How to use Bartle's Taxonomy of Gamers to motivate your team to source more.
First thing first, what is Bartle’s Taxonomy of gamers?The Bartle taxonomy of player types is a classification of video game players (gamers) based on a 1996 paper by Richard Bartle according to specific psychological aspects of their personality and how they prefer to play in a virtual world.
Richard Bartle is a British writer, professor and probably best known in the gaming community for being the co-creator of MUD1 (multi-users dungeon), but that’s pretty irrelevant for us.
When sourcing is boringSome recruiters may find sourcing hard, tedious, boring, a total chore and something that they altogether must do, but don’t like doing.
As a Recruiting or Sourcing Manager, your job is to help them find the motivation to source in order to fill their roles, and I’m going to show you how you can use Bartle’s taxonomyto help you find what motivates your team.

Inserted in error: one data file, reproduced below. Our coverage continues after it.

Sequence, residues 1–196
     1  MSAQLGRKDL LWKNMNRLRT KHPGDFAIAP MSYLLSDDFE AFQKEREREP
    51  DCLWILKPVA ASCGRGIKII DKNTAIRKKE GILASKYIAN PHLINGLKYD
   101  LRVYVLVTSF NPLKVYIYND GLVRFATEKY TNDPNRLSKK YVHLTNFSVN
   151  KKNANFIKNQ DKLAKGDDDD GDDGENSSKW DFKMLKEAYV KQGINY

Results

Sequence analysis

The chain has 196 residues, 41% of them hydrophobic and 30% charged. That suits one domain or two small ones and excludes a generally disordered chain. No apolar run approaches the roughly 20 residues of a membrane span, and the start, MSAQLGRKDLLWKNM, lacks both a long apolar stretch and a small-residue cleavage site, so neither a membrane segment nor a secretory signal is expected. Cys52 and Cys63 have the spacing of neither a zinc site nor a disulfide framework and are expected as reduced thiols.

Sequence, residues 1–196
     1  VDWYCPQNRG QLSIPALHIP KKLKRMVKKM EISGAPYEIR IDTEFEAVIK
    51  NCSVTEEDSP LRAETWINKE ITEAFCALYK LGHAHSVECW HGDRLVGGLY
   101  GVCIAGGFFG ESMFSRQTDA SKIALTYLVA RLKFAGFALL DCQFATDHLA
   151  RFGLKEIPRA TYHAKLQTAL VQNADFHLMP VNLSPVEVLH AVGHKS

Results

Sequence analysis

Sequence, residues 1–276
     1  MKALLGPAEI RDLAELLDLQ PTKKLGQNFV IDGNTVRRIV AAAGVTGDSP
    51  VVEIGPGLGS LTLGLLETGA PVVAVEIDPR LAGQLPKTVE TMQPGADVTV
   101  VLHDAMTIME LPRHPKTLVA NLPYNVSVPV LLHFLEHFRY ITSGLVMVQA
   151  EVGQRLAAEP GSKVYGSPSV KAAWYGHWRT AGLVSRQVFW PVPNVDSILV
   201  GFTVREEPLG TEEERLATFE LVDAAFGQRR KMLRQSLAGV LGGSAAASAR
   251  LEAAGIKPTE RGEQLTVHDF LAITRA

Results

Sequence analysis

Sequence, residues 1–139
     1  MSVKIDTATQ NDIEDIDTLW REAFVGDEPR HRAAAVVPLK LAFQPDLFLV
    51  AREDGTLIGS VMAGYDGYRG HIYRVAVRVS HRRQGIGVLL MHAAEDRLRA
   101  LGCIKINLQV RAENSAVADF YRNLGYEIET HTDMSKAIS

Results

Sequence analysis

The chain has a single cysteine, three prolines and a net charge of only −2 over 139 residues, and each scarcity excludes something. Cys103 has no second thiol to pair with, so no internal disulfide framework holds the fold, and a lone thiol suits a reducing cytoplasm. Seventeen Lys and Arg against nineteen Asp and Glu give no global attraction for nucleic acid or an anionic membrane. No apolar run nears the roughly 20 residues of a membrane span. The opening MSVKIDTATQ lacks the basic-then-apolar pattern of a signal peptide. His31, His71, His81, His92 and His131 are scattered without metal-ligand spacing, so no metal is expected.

What is a taxonomy?It's a a scheme of classification.
This is the basics of Bartle's taxonomy: you fall into one of these categories as your main trait and you also have some of the others at a (somewhat) lower level - it's not unheard of to score at the same level for 2 traits.
Most of the time, I can be classified as a casual gamer (although. check in with me when Diablo IV has been released because I've been known to spend 2 weeks farming Diablo III just to get a gem of greed) and I've done a course on Gamification (here on Coursera, it’s really good, totally recommend it), so I find it easy enough to relate my behaviour in-game to my sourcing behaviour: I’m an explorer.
Maybe it comes from having had to source for very hard to find candidates or because I’ve worked with volume of the same role (hello evergreens, my old friends, I come to source for you again), but either way, the pool of potential candidates available is not an olympic-size pool, so that really stretched my sourcing skills and my motivation to get up in the morning to do it.
How do I know where I fall in the taxonomy?For the purpose of this blog, I took a Matthew Baar's Bartle test and here are my results:
Surprised? Just a little bit.